AIR FIJI GOES REGIONAL TO SURVIVE
Air Fiji is bent on removing itself from a quandary. After operating domestically in Fiji for 30 years, it has decided that its survival depends on going regional.
One prospect is the leasing of Chinese-built Y-12 Harbins to domestic airlines that now find it hard, if not impossible, to lay their hands on Twin Otters or other aircraft in the 15-20-seater category. Air Fiji is in business in Tonga, the Solomon Islands and Tuvalu. Vanuatu and Kiribati are other prospects.
By the end of February, says chairman, David Robertson it hopes to have a 30-40 seater aircraft as part of its fleet of Harbin Y-12s and Bandeirantes. But there could be a problem that could block it from operating with bigger aircraft to Labasa, one of its main Fiji revenue-making ports.
Air Fiji's difficulties stem from the fact that it is not a Fiji-controlled airline, although the Fiji Government is a substantial shareholder.
Half of the airline is owned by Aviation Investments, 50/50 percent owned by the Tuvalu Government and the China National Aero Technology Corporation, manufacturer of the Harbin Y-12. That left it open to the cancellation by the Fiji government of a licence to operate Fiji-Tonga flights with an Embraer Brasilia leased firstly for the Fiji-Tuvalu and Fiji domestic trunk route trips.
It lost the busy Tonga route when the Fiji government-controlled carrier Air Pacific decided to resume a Suva/Nuku'alofa service with its Boeing 737 jets.
“The Fiji government won't let us fly out of Fiji while letting Air Pacific in on our domestic routes, so where do we go?,” Robertson says.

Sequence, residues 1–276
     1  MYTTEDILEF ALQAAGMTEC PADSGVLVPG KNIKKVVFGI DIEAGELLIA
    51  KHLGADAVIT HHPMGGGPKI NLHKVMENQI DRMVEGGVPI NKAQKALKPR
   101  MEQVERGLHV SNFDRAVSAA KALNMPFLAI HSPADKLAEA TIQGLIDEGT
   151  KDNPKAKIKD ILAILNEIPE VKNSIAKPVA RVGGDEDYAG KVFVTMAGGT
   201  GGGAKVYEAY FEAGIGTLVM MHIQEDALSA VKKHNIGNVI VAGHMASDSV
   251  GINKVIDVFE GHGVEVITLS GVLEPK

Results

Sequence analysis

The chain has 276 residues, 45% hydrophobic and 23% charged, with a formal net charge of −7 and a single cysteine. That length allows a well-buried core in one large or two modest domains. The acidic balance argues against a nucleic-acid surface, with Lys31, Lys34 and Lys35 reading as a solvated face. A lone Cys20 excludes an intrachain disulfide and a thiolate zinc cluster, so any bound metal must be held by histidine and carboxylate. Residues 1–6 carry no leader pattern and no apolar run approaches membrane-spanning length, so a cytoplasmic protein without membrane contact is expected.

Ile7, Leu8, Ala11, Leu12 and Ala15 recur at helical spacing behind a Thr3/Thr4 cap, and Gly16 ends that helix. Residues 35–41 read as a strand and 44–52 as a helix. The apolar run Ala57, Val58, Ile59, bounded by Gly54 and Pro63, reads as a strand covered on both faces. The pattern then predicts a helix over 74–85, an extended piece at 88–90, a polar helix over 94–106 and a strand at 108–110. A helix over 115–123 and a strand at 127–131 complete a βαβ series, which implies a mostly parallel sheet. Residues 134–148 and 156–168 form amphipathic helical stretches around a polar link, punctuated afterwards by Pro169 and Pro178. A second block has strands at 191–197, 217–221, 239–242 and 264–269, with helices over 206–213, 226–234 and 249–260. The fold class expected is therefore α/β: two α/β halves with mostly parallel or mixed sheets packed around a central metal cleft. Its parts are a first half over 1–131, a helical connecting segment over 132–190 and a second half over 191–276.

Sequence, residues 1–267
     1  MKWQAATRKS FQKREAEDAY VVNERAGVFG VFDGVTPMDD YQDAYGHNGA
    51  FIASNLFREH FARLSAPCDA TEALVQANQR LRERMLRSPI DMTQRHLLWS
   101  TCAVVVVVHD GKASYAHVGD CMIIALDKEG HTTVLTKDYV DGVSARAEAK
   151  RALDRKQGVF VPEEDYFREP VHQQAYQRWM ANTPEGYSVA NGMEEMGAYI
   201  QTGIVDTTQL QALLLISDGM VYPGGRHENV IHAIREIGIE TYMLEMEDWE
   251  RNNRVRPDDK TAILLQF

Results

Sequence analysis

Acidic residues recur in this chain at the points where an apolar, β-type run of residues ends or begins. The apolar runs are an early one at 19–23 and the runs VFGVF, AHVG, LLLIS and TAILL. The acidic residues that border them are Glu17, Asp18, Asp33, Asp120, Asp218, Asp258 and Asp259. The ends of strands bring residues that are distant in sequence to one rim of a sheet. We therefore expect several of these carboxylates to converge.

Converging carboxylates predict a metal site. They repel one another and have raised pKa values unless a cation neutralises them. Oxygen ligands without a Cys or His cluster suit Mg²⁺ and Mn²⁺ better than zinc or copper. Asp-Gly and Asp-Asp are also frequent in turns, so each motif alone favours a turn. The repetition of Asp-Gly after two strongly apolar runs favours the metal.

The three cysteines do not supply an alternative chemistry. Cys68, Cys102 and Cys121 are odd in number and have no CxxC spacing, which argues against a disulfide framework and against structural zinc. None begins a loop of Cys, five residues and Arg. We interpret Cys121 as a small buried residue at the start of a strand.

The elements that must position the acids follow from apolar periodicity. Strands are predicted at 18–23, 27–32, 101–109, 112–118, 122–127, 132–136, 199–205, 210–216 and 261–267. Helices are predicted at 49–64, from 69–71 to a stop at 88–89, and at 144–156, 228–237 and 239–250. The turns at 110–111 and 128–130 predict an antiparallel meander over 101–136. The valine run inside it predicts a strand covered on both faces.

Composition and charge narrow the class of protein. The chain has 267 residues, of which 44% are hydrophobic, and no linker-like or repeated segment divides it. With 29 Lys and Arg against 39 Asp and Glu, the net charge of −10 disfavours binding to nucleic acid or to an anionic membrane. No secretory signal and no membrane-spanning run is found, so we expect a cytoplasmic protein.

“The only way we can go is to form associations in areas of the Pacific where we're welcome, We are particularly welcome in Tonga. So if we are going to go regional, we can go regional from there. If our strategy is to go regional, the fact that the Fiji government doesn't want us to go regional doesn't mean it can actually dictate to shareholders that desire.
“We just have to find a way around it and that's what we've been doing these last couple of years.” In Fiji, Air Fiji is now faced with the prospect of Air Pacific's planned return to domestic services it abandoned years ago. It is expected to buy another local airline, Sun Air, to be the basis of its local airline.
Robertson says Air Pacific last year wanted to buy 100% of Air Fiji, but shareholders didn't want a full sell-out. Last year Air Fiji became the 49% owner of Airlines Tonga, which it set up with a Tongan business, Teta Tours, after an airline controlled by Tonga's Crown Prince Tupouto'a failed to operate all the services required by its monopoly licence.
Airlines Tonga has been officially designated as a Tongan national carrier, Robertson says.
“We've applied to Fiji to fly back to Tonga under our own steam as we did before and to accept the joint venture with Airlines Tonga and Chatham Air. Chatham Air has rights to fly to Fiji, but when we applied we were denied rights already granted to another airline. We can only assume the rules are not an even playing field, but that won't stop us.”
New Zealand-owned Chatham Air operates cargo and passenger services between Niue and Fiji with a Convair.
Airlines Tonga has one Air Fiji aircraft operating to four destinations in Tonga and is due to receive a second, a 19-seater Y-12 Mark 4, in February. Last year, Air Fiji entered an agreement for the supply of technical and commercial services and aircraft and pilots to Solomon Airlines. Now one of its Bandeirantes is operating in the Solomons.